As you might know, my career in education technology started on the consumer side as an online language tutor (I use the term coach) back in 2008. Skype was fairly new and had not hit the mainstream, Flash-based virtual classrooms were all the rage, and in hindsight, no one had a plan of how to make all this work.
Today Skype is already perceived as dated and new standards like WebRTC are poised to give live online education not only a new boost but finally push it to every desktop or mobile device. But there will be a huge difference between live online lessons in 2008 and those in the years to come.
For a couple of weeks there have been rumors about a new Google service based on the Hangouts infrastructure. Called Google Helpouts the service offers live video interaction with experts who can charge the caller through Google Wallet. Google is apparently taking a 20% cut.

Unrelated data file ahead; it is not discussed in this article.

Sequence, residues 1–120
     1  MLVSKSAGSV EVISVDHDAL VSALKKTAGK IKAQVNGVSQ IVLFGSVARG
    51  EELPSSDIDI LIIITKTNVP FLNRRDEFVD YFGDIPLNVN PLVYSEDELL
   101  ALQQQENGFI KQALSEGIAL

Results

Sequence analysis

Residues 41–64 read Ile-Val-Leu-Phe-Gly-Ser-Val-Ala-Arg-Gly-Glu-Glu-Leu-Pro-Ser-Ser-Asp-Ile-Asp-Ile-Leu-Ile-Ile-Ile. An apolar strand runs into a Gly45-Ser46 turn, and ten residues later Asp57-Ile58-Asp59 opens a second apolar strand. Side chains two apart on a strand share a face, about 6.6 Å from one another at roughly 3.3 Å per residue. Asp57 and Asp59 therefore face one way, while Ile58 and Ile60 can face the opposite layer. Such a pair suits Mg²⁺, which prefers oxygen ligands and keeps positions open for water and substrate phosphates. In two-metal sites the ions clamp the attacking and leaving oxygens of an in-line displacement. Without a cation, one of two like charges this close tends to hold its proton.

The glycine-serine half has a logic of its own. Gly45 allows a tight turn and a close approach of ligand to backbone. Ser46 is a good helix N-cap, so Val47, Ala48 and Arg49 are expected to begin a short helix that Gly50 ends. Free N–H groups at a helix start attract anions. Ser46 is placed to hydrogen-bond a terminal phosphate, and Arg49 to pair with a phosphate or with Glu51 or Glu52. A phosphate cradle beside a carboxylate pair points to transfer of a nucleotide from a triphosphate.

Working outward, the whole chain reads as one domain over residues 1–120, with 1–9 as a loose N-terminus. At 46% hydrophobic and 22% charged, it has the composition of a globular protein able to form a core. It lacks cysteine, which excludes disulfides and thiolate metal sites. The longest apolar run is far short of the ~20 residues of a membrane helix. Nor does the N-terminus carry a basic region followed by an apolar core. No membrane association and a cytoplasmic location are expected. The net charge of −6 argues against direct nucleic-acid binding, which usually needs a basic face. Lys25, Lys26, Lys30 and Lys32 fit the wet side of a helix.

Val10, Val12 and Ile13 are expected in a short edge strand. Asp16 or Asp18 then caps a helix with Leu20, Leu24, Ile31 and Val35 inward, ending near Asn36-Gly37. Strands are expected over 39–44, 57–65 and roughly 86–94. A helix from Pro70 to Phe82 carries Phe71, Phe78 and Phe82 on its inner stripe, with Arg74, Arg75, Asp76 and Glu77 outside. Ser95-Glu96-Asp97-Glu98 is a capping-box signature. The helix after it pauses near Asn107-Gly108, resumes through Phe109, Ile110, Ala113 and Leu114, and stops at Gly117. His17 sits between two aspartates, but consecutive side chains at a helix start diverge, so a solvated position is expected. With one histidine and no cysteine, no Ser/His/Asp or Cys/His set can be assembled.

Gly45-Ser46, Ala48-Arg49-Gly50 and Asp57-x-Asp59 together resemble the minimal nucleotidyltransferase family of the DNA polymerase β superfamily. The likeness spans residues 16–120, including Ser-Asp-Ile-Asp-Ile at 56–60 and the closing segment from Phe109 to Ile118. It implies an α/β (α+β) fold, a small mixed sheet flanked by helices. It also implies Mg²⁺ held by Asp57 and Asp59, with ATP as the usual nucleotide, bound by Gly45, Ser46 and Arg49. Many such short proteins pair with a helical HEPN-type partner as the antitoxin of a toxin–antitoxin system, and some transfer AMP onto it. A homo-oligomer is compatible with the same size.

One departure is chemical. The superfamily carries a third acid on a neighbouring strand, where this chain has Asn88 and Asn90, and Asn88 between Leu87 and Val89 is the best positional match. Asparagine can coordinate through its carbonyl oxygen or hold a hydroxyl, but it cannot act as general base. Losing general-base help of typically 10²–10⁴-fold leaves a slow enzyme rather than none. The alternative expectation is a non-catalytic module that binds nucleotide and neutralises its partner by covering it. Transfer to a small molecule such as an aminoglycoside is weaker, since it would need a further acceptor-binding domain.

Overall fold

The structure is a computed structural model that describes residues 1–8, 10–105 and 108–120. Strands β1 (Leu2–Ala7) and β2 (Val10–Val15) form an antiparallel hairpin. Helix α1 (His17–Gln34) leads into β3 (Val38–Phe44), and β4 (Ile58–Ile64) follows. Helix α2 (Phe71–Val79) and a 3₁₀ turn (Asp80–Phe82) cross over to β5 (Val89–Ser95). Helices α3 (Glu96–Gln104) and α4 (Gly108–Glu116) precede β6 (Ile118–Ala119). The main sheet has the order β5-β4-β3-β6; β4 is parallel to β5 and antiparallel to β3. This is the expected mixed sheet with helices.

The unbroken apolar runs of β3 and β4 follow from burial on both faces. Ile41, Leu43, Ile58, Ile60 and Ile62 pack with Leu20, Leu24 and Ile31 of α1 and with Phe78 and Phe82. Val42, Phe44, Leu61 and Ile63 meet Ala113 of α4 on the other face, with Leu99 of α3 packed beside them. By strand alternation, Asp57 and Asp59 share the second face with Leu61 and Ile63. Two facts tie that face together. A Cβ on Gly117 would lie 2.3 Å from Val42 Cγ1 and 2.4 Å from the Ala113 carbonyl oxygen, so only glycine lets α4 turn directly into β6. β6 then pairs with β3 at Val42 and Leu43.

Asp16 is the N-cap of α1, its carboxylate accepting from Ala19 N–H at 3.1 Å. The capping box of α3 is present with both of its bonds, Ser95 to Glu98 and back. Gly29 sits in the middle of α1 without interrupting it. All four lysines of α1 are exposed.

This reminds me of a similar service Skype offered back in the days when it still belonged to ebay. Through a so called Skype expert directory educators, trainers and consultants could charge for Skype calls by the minute and then got paid via PayPal which, conveniently, also was (and still is) owned by ebay.
Needless to say that this project went nowhere, especially after ebay sold 70% of Skype to an investment group in November 2009 and the rest to Microsoft in May 2011. But what is Google up to?